Either replace the seals or frequently they can be simply cleaned, reinstalled and reused.

I'll forego posting pics, but trust me, the ring and corrosion will be there.
I have been cleaning brakes on the 600's and let me tell you that there is a "LOAD" of crap inside the piston bore and tons of builup on thease things. Pop em out and give them a bgood clean.

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post #19 of 23 (permalink) Old 6-17-2019, 9:29 AM Thread Starter
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Quote:
Originally Posted by fog View Post
good keep it that way it may save you A$$ some day. rear brass are only for hill holding at a stop.

FOG
You know what? I agree with you... The engine brake is quite strong on the EX so I guess my "deeping" rear brake is enough just to "seat" the bike.

I will leave it as is and try it.

I go to a track day in two weeks so will tell you then my impressions.

Thanks!

G
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post #20 of 23 (permalink) Old 6-17-2019, 9:40 AM
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Quote:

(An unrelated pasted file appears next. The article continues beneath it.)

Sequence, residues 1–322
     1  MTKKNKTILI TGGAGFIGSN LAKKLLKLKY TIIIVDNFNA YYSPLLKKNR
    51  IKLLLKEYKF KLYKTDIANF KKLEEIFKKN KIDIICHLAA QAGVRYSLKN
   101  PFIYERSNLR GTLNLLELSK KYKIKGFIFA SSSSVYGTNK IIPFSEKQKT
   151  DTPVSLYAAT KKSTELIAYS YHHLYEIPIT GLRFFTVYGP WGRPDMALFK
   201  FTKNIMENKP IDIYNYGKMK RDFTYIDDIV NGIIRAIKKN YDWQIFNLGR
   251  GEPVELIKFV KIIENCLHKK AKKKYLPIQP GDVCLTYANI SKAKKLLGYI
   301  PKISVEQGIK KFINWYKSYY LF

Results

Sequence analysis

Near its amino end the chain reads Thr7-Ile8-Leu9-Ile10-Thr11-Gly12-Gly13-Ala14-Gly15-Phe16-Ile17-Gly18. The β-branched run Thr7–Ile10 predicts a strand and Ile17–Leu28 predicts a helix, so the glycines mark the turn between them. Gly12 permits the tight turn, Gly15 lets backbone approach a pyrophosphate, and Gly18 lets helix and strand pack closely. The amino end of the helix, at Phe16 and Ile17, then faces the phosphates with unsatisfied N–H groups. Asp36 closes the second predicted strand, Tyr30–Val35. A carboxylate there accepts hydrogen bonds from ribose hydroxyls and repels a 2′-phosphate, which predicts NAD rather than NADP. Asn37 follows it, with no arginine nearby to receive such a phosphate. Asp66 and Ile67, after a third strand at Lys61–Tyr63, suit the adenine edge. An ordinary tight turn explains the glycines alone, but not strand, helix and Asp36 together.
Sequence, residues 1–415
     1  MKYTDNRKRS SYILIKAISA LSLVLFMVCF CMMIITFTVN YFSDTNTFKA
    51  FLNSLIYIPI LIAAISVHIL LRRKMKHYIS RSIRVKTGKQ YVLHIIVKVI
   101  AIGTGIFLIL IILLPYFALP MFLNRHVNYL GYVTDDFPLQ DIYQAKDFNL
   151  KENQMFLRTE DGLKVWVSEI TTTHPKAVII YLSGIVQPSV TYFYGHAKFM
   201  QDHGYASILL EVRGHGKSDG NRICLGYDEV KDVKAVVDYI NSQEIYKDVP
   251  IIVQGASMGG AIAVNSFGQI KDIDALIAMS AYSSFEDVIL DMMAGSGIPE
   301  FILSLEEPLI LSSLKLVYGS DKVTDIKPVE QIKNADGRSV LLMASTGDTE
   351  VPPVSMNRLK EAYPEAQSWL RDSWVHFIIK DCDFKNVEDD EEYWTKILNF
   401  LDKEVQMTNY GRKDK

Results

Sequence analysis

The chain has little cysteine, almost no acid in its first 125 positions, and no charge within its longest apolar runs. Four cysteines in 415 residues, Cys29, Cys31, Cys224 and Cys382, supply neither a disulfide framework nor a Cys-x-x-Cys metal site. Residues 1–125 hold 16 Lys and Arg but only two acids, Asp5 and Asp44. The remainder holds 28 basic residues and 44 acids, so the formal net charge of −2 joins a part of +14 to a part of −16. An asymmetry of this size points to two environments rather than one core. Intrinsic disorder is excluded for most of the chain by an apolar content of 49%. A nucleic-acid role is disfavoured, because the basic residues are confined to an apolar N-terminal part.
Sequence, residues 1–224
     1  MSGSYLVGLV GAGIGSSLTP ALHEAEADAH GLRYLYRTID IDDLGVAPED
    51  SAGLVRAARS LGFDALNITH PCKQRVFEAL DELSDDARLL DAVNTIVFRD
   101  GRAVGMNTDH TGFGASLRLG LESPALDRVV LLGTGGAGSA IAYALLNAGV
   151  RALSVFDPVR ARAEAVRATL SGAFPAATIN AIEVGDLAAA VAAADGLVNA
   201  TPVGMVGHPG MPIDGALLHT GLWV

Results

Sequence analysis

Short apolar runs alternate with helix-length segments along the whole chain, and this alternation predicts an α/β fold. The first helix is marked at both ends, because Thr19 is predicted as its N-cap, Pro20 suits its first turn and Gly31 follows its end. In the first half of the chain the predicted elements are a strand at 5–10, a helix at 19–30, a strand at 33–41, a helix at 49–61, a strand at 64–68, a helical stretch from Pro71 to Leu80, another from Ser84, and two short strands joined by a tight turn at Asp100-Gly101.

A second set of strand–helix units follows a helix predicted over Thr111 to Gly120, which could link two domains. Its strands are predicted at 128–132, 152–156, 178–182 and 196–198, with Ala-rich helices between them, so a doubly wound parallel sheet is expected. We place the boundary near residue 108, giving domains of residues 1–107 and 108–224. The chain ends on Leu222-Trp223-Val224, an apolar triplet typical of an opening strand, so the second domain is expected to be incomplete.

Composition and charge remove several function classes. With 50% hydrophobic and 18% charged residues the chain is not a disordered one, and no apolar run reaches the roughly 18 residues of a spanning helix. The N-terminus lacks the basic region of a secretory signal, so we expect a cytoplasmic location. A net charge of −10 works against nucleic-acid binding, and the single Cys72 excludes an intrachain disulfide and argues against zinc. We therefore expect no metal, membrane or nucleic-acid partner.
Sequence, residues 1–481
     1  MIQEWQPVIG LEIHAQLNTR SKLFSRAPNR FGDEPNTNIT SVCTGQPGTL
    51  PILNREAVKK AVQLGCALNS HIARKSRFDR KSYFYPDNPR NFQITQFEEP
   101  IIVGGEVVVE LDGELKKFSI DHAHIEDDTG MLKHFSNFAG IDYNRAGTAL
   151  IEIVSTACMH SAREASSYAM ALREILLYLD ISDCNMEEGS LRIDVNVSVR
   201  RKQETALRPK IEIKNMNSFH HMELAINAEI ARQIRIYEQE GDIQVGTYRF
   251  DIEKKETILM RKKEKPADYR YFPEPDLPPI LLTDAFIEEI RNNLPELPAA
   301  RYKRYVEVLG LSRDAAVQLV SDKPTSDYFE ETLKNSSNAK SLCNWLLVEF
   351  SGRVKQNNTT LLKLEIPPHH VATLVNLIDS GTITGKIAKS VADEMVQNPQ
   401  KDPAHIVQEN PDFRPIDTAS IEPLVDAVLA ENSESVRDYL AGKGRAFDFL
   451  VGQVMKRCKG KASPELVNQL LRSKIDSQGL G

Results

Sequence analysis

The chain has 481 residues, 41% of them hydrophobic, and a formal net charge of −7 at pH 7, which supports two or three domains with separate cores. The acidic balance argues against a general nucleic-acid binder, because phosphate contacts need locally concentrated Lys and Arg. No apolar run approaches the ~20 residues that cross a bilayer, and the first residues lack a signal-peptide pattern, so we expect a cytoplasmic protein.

Originally Posted by Gedde View Post
You know what? I agree with you... The engine brake is quite strong on the EX so I guess my "deeping" rear brake is enough just to "seat" the bike.

I will leave it as is and try it.

I go to a track day in two weeks so will tell you then my impressions.

Thanks!

G

Remember that if the seals go bad due to the crust and crud on the piston yuo could face a brake fluid leak at the read wheel. Its probably better to remove them if your not going to fix them, les chance of a leak.

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post #21 of 23 (permalink) Old 6-17-2019, 9:56 AM
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Quote:
Originally Posted by Kevinl7778 View Post
I have been cleaning brakes on the 600's and let me tell you that there is a "LOAD" of crap inside the piston bore and tons of builup on thease things. Pop em out and give them a bgood clean.
left unchecked, out and out dangerous
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post #22 of 23 (permalink) Old 6-17-2019, 10:49 AM
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Quote:
Originally Posted by ducatiman View Post
left unchecked, out and out dangerous
That is exactly what I have been dealing with on the 98 and 94 ZX600E as I try to get one working set out of four seizd up sets.

I would go as far as to recomend stainless hoeses ans they seam to come with better banjo fettings. I think some of the rust colored corosion is from the inside of the banjos.

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post #23 of 23 (permalink) Old 6-17-2019, 11:16 AM
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Of course, you don't know what they look like till you open them up, though lousy performance is a clear indicator. Which is why I advocate cleaning and repairing to both regain full function and avoid further degradation.

Hey, what steps to take, when and how far is fully at owners option.....